After a three-year stint with the University of Carolina where he won one championship in 1982, Michael Jordan paved a way to stardom once he jumped into the pros. Even prior to the 1984 NBA Draft, his name was already expected to be called early.
As expected, Jordan’s name cracked the top five, though it was a bit surprising that he slid down to the third pick. Nonetheless, as one of the top picks of the draft class, it was already expected that he’d receive an endorsement deal from the top brands during that time.
When he was still playing for UNC, Jordan used to wear Converse. However, as the most famous basketball sneaker during that time, Converse already had the likes of Celtics legend Larry Bird and Lakers icon Magic Johnson on their paycheck.
As Jordan recalled during one of the episodes of “The Last Dance”, Converse did not really intend to sign him. Jordan added that the brand did not envision him going ahead of Bird or Johnson since he has yet to prove himself in the big league. Basically, Converse passed on Jordan.
Nevertheless, it was not Converse that Jordan did really intend to sign with once he got drafted in the NBA, so it’s probably not a “what if” moment for the brand. This may be news to many knowing that “His Airness” rocked Nike his entire career, but even the Swoosh brand was not in MJ’s radar that time.
Jordan’s top option was to sign with Nike’s biggest rival, the German brand adidas. Jordan was very adamant about his intentions in joining the Three Stripes brand. The main reason was his liking for adidas’ low-to-the-ground sneakers. Yes, court feel was the main reason why the eventual Hall of Famer intended to join the adidas camp.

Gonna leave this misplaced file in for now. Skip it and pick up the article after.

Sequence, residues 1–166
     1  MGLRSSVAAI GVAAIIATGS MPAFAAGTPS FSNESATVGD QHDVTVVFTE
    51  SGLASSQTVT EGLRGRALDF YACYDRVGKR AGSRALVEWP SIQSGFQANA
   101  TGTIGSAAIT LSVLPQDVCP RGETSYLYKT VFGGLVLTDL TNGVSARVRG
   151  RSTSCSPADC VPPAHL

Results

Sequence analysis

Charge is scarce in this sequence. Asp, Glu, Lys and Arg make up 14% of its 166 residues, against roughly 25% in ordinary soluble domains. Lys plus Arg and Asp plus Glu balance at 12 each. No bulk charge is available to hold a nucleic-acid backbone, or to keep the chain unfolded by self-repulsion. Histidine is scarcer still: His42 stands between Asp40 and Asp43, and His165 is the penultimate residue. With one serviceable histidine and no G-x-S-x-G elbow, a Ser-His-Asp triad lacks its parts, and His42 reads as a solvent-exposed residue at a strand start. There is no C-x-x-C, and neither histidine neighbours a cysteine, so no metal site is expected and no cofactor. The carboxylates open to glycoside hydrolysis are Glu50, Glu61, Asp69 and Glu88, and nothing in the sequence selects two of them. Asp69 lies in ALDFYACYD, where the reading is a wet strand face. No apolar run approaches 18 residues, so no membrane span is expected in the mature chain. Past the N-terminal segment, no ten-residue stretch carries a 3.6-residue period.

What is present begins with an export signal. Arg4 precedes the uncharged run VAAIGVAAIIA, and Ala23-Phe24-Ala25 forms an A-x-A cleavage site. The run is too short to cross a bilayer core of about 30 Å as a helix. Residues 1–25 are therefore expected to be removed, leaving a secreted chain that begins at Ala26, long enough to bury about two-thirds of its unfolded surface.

Comparing the low to the ground approach of adidas sneakers and the thick and high off the ground designs of Nike, it was an easy decision for MJ to make.
However, Jordan’s agent, David Falk, wanted his client to sign with Nike instead since the brand was the upstart. Besides, it seemed like adidas could not really cater a deal concerning Jordan. Several stories say that various reasons emerged as to why adidas did not sign Jordan.
Falk disclosed that the company that time was dysfunctional. In 1978, adidas founder Adi Dassler died and his wife, Kathe, took over the business. It wasn’t that the brand didn’t want Jordan on their wings; it simply just wasn’t a good time for the company.
But later on, it was revealed that German executives did not even have the slightest intention in signing Jordan. The brand had the great Kareem Abdul-Jabbar as their main endorser that time as they opted to sponsor centers.
Basically, Jordan was too small for them. MJ stood at 6-feet-6-inches and played shooting guard. The company, on the other hand, wanted to sign seven-footers during a time the league was dominated by big men.
Besides, even if they signed Jordan, adidas has zero intention of giving him a signature shoe line. Nike, on the other hand, granted Jordan much more than that.
But what if the deal with adidas worked? Knowing that Jordan was explicit in his desire to sign with adidas, it was a string that was very easy to pull for the brand. However, the pieces just did not fall in their rightful place, and the deal did not pan out.
The rest is history. The Air Jordan brand eventually became the cornerstone of the sneaker community and continues to amass millions of dollars revenue each year. But maybe in a parallel universe, it would have been adidas dominating the shoe game with His Airness under their wings.
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